This week I’m going on a date with Eddie Redmayne. Yum. It helps that I have a weakness for redheads. Not so good is the fact we seem to have, like, nothing in common. And I mean NOTHING. He’s an ex-pro cyclist working in wealth management who hates cooking and, I quote, is ‘not going to take up ballroom dancing anytime soon’. (For the record, I didn’t suggest that he did.)

I’m an all-cooking, all-dancing copywriter who the one time she cycled in London collided with the wing mirror of a stationary vehicle. Hmm.

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A New Lead

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CC Image courtesy of JulyYu on FlickrBeatrice once wrote me a profile for My Single Friend. It concluded: ‘And if you happen to be a ballroom dancer then so much the better!’ I’d long ago resigned myself to the fact that ballroom dancing in the garden – or anywhere – would remain a solo activity. And if by some miracle I ever brought a guy home to meet the parents he would assume the role of amused onlooker while I chasséed and lock-stepped my way around the lawn (he wouldn’t – he’d be forced to get involved and we’d end up laughing so much it hurt and made it impossible to keep dancing…).

 

So when, late one Saturday night, I get a generic Tinder message from Fred Astaire it gives me pause for thought.

 

I don’t know if you’ve ever tried ballroom. It’s one of the most incredible feelings in the world, being led around the floor by an experienced dancer. That might sound horribly patriarchal – and it’s true that an incompetent lead is tantamount to torture – but with the right partner it’s a dream.

 

With Fred I cut to the chase in a ‘You’re a ballroom dancer?! Time and place and I’ll be there!’ kind of a way. Fortunately he finds it funny and suggests a date.

 

‘I’m not sure I fancy him,’ I say to Beatrice, in the run up to Friday. ‘But I think I’m right in saying I fancied all of the dance team at uni, so we’ll see.’

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The Bottom Line

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Tech-y issues mean I find myself reading old blog posts.CC Image courtesy of {Lina} on Flickr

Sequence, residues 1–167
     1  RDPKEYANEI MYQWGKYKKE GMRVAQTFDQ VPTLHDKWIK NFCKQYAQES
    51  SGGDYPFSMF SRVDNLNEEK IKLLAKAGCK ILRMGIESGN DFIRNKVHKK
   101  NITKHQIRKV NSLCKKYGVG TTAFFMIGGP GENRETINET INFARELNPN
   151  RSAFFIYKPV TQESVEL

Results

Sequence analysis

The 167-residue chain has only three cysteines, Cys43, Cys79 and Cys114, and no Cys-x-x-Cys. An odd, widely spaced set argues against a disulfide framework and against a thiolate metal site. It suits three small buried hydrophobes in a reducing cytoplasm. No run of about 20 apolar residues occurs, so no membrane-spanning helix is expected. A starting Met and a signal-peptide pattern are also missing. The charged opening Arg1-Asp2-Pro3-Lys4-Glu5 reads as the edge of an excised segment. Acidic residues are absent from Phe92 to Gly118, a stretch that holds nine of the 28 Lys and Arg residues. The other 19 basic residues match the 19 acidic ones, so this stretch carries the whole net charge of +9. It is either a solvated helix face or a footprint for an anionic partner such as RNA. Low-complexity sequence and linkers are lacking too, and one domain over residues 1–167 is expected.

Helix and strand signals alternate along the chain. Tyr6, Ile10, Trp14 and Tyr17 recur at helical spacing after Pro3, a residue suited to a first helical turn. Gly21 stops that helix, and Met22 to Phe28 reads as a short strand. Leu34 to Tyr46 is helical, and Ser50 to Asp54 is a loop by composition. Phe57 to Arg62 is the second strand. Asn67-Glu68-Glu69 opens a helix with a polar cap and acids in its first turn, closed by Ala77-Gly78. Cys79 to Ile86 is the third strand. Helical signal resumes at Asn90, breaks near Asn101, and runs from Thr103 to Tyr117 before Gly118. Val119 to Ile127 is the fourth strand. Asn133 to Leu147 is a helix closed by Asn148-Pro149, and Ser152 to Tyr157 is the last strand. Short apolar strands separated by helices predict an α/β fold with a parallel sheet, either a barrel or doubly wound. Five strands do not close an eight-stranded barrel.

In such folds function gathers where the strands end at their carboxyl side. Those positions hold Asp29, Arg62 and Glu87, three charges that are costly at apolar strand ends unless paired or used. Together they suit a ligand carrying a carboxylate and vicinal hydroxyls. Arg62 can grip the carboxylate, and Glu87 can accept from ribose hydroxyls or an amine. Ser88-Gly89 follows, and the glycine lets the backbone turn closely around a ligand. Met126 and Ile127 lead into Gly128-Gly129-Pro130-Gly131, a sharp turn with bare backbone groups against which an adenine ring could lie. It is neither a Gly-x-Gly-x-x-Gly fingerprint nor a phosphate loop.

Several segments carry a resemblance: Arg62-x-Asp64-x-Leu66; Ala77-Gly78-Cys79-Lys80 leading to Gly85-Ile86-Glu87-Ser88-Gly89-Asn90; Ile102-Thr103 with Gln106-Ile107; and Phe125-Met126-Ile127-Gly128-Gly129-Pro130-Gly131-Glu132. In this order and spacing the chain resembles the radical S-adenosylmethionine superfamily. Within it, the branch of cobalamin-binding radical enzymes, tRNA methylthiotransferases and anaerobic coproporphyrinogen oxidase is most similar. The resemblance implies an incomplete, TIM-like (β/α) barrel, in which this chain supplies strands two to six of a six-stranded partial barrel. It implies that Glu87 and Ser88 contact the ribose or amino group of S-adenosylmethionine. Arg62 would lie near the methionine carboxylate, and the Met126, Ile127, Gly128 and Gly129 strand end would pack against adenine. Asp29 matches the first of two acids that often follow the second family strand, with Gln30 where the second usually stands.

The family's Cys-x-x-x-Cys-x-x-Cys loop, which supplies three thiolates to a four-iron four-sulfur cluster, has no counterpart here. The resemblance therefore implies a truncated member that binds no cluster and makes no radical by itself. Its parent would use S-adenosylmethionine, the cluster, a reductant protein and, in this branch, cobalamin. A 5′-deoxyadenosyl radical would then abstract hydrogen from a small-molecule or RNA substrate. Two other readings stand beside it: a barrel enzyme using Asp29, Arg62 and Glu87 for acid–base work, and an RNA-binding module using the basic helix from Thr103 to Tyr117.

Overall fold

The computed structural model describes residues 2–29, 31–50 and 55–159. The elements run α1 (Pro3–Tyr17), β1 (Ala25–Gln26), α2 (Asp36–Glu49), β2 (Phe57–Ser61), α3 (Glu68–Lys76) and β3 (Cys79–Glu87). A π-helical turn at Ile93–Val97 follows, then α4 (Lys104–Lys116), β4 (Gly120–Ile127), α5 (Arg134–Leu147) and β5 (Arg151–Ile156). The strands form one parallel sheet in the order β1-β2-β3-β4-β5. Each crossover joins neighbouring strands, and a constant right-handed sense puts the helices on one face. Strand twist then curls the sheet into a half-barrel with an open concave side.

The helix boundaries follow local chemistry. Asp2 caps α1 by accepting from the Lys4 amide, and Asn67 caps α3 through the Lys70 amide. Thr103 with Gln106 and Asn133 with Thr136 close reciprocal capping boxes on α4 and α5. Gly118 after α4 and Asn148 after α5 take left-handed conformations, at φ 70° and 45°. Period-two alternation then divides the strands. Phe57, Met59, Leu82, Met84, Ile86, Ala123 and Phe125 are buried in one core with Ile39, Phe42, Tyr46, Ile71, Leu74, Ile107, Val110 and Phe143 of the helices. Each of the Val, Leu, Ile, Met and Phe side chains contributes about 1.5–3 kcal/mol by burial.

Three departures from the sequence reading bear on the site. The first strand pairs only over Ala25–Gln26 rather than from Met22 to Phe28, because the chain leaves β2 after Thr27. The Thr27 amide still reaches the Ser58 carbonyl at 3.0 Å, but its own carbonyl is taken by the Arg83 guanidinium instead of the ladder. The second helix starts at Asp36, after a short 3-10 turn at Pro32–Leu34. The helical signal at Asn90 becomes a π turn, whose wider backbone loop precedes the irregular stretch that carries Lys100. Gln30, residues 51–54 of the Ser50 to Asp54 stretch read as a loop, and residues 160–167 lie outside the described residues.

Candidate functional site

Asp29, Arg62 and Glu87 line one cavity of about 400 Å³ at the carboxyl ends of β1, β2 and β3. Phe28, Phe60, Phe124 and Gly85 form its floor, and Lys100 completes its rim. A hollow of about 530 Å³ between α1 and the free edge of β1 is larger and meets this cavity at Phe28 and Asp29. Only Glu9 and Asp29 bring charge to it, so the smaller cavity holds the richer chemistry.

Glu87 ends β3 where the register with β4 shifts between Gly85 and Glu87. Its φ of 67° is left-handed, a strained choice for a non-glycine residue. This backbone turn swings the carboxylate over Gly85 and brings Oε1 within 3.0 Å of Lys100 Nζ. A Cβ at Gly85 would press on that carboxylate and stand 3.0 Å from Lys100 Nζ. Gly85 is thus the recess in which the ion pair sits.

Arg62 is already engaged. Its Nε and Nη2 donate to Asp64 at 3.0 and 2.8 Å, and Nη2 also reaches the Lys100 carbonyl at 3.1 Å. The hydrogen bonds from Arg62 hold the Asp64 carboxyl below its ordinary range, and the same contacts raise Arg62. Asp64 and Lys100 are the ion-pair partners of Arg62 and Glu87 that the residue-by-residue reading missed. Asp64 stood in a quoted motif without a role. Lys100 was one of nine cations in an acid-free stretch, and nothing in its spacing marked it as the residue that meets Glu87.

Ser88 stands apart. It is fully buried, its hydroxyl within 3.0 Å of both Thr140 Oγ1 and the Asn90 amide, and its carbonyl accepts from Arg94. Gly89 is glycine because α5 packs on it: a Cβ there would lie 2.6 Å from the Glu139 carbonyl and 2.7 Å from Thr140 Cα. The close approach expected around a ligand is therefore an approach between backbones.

‘…and, bottom line, we need to have a laugh together.’

I smile.  No change there.

 

‘I’m going to a ball on Friday and I can’t wait!  My partner – oh….’ I sigh.  You’d sigh.  He’s tall, dark, and impossibly handsome.  ‘And he can dance ballroom!

‘What’s wrong with him?!’

A fair question from Colleague.

‘Nothing!’

That I know of.

The last time I saw Johann was at a ball.  We danced foxtrot, but it was like no foxtrot I’ve ever danced before, full of dips and spins and drops.  After each dance he queued to get me a glass of water.  Then when I left my dress strap in his room – not what it sounds like – he went to considerable trouble to ensure we were reunited.

‘He has the most beautiful manners,’ I say, with another sigh.  ‘Not like…’

My face darkens.  Being ditched on my birthday, I can handle.  OK, so the timing could have been better, but the act itself is forgivable.  What’s not forgivable is the absence of any kind of thank you note for the dinner.  No text, no letter, no card – nothing.

‘But at least, this way, it makes it easier to move on, cos, well, you don’t want that.’

‘No,’ Colleague says, with a look of disgust.  ‘You don’t.’

 

It’s in the kitchen for some reason that thoughts of FFS come to me.

‘No NO.  Don’t think about him,’ I say out loud, clattering pots and pans, as if the noise might drown out unwelcome thoughts.

I’d read about focusing on someone’s bad points as an effective way of getting over them but had never managed to make it work for me – not because I refused to believe that the men in question had bad points, but because I didn’t know them well enough to know what they were, not having dated any of them.

‘He’s lazy and RUDE,’ I say, to the empty kitchen.

And with those words it’s confirmed, what I always knew, my actual bottom line.